A criminal proceeding in the Northern District of California serves as a reminder of the importance of vigilant underwriting to protect against unscrupulous producers seeking fraudulent commission payouts. In U.S. v. Halali, et al., Case No. 14-0627 (N.D. Cal.), five producers (Behnam Halali, Ernesto Magat, Kraig Jilge, Karen Gagarin, and Alomkone Soundara aka Alex Soudara) engaged in a fraudulent scheme that generated more than $2.5 million in commissions on policies that were canceled within months of issuance.
To effectuate the scheme, the defendant-producers solicited individuals to take medical exams and provide personal information as part of a fictitious health study. The defendant-producers thereafter applied for life insurance in those individuals’ names, typically without the individuals’ knowledge. The defendant-producers also created fraudulent driver’s licenses for the purpose of taking the medical exams themselves, purporting to be the individuals in the applications. The defendant-producers even opened bank accounts and created telephone numbers using Google Voice to answer calls from the insurers seeking to corroborate information in the applications. In all variations of the scheme, the defendant-producers collected commissions and canceled the policies several months later.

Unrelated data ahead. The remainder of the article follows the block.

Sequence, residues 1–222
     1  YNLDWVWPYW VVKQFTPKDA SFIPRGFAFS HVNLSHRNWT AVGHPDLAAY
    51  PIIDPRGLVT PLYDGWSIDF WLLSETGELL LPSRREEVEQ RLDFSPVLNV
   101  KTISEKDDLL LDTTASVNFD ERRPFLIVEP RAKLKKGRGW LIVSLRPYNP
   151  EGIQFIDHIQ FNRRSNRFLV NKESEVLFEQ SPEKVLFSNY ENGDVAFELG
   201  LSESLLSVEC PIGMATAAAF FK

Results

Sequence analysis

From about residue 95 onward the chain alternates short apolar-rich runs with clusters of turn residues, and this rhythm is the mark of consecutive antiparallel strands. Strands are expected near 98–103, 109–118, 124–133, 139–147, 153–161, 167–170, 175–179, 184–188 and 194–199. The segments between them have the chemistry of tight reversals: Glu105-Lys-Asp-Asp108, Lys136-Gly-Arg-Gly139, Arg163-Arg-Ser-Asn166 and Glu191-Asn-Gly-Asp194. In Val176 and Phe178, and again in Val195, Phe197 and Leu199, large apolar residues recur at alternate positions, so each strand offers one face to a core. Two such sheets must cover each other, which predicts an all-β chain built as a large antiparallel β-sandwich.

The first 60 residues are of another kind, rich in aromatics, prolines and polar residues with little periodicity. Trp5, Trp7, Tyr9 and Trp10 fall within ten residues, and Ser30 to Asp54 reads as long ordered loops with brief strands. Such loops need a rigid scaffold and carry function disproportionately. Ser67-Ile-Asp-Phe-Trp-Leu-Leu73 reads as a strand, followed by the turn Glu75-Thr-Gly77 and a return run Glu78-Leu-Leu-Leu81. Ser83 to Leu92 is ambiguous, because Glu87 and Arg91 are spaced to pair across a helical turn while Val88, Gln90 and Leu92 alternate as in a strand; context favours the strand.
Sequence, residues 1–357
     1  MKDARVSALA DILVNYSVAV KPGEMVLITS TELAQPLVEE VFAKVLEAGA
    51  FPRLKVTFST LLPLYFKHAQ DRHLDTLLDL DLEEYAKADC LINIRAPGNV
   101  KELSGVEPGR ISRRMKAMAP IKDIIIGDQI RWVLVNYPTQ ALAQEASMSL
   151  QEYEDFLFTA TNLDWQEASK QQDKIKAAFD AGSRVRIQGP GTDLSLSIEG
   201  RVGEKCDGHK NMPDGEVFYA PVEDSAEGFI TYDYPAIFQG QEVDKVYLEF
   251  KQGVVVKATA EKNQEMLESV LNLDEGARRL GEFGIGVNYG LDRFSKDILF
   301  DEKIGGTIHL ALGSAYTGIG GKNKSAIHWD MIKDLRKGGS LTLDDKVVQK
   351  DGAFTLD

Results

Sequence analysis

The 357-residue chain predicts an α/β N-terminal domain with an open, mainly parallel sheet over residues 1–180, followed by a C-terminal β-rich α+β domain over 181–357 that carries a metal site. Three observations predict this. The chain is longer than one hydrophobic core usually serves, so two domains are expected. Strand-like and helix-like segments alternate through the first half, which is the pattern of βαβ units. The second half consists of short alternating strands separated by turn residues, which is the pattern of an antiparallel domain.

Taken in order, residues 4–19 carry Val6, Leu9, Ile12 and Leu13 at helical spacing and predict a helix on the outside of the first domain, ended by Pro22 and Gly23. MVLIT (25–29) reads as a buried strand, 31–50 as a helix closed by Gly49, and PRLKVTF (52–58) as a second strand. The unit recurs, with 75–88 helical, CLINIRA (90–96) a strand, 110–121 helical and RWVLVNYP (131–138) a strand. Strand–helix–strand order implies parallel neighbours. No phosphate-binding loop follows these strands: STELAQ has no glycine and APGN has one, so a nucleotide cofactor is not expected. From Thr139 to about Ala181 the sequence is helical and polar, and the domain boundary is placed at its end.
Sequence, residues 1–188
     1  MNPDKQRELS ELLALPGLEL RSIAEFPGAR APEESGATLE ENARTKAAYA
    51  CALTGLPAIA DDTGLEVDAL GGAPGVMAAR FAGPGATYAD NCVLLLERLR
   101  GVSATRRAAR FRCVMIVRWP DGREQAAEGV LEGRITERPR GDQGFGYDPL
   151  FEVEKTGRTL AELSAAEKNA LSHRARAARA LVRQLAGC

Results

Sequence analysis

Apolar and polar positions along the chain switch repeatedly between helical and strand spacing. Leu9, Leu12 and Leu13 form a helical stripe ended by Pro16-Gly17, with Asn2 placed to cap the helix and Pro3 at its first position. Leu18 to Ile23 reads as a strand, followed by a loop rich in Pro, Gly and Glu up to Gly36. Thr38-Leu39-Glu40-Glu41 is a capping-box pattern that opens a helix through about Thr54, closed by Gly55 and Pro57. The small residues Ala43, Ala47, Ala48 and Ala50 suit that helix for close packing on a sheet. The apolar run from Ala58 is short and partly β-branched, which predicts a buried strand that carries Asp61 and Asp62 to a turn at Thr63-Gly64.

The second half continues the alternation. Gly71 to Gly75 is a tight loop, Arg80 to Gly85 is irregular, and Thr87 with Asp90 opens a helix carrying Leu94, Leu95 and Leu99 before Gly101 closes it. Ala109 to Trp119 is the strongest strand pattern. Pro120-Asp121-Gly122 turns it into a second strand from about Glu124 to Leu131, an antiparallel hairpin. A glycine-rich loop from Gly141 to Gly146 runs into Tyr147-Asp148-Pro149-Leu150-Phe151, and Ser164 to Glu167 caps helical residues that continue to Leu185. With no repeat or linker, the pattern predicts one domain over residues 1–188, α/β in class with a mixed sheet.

In late 2016 and early 2017, two of the defendants entered plea deals. In March 2017, the remaining three defendants were found guilty of 1) conspiracy to commit wire fraud, 2) wire fraud, and 3) aggravated identity theft. The court denied the defendants’ post-trial motions on July 28, 2017, and will impose sentences in September 2017.
Insurers should continue to be vigilant to combat such fraudulent business. As part of anti-fraud initiatives or general training, it would be prudent to arm underwriters with information regarding producer fraud, including examples of past schemes perpetrated by unscrupulous producers. It may also be prudent to work with the distribution chain to ensure producers’ ongoing compliance with company guidelines.